You may recall that I wrote a piece last summer in which I asserted, citing a Christian source, that God is a lousy babysitter. I’m sorry to say that I have more evidence to support that assertion.
Today’s edition of the Washington Post includes the tragic story of a 16-month old Baltimore boy who was starved to death by his caregivers (the snotty little tyke refused to say “amen” at mealtimes), then stuffed into a suitcase and transported to Philadelphia, where his remains were abandoned in a shed.
The part of the article that I find fascinating is this (emphases added):
Psychiatrists who evaluated Ramkissoon at the request of a judge concluded that she was not criminally insane. Her attorney, Steven Silverman, said the doctors found that her beliefs were indistinguishable from religious beliefs, in part because they were shared by those around her.
“She wasn’t delusional, because she was following a religion,” Silverman said, describing the findings of the doctors’ psychiatric evaluation….
Silverman said he and prosecutors think Ramkissoon was brainwashed and should have been found not criminally responsible; prosecutors declined to comment. Although an inability to think critically can be a sign of brainwashing, experts said, the line between that and some religious beliefs can be difficult to discern.
“At times there can be an overlap between extreme religious conviction and delusion,” said Robert Jay Lifton, a cult expert and psychiatrist who lectures at Harvard Medical School. “It’s a difficult area for psychiatry and the legal system.”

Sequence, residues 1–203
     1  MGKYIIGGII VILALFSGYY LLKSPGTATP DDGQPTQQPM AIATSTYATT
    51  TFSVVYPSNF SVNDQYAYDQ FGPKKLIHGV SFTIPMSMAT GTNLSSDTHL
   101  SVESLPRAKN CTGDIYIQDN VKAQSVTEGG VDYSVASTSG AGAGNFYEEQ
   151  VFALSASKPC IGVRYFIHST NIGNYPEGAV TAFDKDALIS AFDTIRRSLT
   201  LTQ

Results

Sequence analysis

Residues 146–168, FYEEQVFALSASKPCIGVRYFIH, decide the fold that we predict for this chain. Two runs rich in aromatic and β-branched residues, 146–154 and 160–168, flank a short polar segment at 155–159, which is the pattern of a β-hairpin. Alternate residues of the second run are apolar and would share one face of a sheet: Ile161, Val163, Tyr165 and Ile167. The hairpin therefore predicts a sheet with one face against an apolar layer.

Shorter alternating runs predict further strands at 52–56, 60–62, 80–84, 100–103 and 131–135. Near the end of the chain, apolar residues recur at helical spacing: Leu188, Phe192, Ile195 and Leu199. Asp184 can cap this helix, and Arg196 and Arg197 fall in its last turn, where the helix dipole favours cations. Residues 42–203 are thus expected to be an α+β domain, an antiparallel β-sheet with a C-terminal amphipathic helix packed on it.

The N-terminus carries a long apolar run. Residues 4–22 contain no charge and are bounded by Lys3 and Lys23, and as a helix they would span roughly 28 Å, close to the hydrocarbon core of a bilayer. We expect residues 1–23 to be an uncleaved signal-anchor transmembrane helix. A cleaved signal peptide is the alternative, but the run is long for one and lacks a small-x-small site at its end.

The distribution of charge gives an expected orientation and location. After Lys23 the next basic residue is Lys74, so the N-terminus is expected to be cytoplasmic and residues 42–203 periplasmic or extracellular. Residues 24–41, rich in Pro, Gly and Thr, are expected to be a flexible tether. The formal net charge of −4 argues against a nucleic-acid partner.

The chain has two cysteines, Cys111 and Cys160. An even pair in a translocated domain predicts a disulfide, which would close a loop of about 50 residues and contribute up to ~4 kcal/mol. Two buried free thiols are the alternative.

I recognize that Richard Dawkins’ selection of The God Delusion as the title of his recent book was, at least in part, a marketing ploy. But, when one reads the story cited above and contrasts it with the one below, one is inclined to think that Dawkins actually, perhaps somewhat unwittingly, called it right (perhaps the title was inspired?).
Karyn (yes, the one who imagines that Jesus is her boyfriend) wrote a post this past week about how she lost her keys – couldn’t find them anywhere – prayed about her dilemma, had a colleague pray too, and voilá – the keys were found! Praise God for all blessings great and small. (He obviously focuses solely on small blessings now – finding keys, appearing on grilled cheese sandwiches and the like).
Now, I ask you: who is more delusional? The believers who starved a child to death for not reciting their mantra, or the narcissist who imagined that a deity observing the affairs of 6.7 billion people gave a damn about her keys? What kind of a deity allows one set of believers to starve a child to death, but spares another believer the expense of cutting a new set of keys? Obviously, the legalistic beliefs that led to the death of a child are far more destructive than the self-centered belief of the key lady. Nevertheless, both sorts of beliefs (and all other similar ones) are delusional. Humankind needs to grow up and discard all such nonsense on the trash heap of our juvenile, superstitious, less enlightened past.
– the chaplain